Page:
Waking Hours

Waking Hours

is a live sound performance and a sound installation, composed from minimal sound-events, captured daily throughout the course of 13 days, in the hours between 5 AM and midnight in Lutherstadt Wittenberg (DE). The sounds from different hours are layered on top of each other, conveying the multiplicity of minutiae and accumulation thereof into the big narrative of the place, fed by vague historical inputs and distorted according to the psycho-emotional state of the glaneur and the listerner. Presented live in the framework of a residency programme and performance & multimedia festival 2016 WB Wurzel Bewegung in Wittenberg (DE) on 06/08/2016.



Each day I take around two hours to walk 6km through the streets of Wittenberg to gather sounds. A practice of the quotidian, I call it now, a practice of the regular.

Maybe, I figure, I am gathering sounds only in order to have a good excuse to walk around in order to try and understanding this city, the complexity of its past and the emptiness and silence of its present.

Maybe it is not so much about gathering material, as it is about watching and listening, in order to see and to hear, letting the elements of the place invade and form my understanding of it, rather than projecting something of mine onto these unknown spaces. Although I do know that what we tend to see and to hear is always formed by our brain and eye, intelligence too. What about the things unseen, the things we hear and those we think we do, I wonder?

While walking, I also realize that the other, the stranger, me in this case, is rather suspicious in a quiet and still place, like this one. I keep walking the streets at different hours of a day, incessantly, stopping once in each street to listen to what the underground, stones, grass, rose-bushes, bug colonies, rainwater pipes, mailboxes, metal doors of power units, bus-stop signs, bus-stop sheds, insides of fallen trees, wooden fences, trucks, hoists, bikes, cars, parks, gardens, trees, birds, construction workers operating power drills have to say, and meet eyes that question my presence there.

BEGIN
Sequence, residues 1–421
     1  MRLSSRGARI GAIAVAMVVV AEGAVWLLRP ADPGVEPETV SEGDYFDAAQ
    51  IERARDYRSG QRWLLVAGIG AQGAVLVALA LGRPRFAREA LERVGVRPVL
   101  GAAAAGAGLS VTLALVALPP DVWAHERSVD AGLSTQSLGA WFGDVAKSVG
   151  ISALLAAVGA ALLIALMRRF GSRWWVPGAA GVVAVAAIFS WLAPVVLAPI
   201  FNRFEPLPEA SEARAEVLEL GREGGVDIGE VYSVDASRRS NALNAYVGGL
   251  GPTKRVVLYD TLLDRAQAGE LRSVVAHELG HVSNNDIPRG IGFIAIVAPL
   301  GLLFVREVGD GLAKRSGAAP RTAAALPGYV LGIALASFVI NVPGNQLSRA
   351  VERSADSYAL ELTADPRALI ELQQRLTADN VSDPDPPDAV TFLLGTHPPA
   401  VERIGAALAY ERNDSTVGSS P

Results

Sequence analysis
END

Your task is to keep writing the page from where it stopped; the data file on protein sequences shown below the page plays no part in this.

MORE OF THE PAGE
For 13 days, daily, I am walking same streets, trying to stay aware, awake and open to each minor (sound) event in each step I make. We are quite good at noticing strangeness of new spaces, but only until they wear down: in time, we stop noticing details, things, and people. In time, our glance rubs away the newness, the interesting, we are no longer triggered by simplicity of the everyday.

We are living in times when myriads of invasive inputs have become our new regular, we are ready to have multiple experiences of the unexpected each moment we open out social platforms, and we have become less sensitive to small everyday things. When I listen to the rustling of a bug colony by the roots of a tree, I wonder, what is it exactly that expels the capacity of wonder.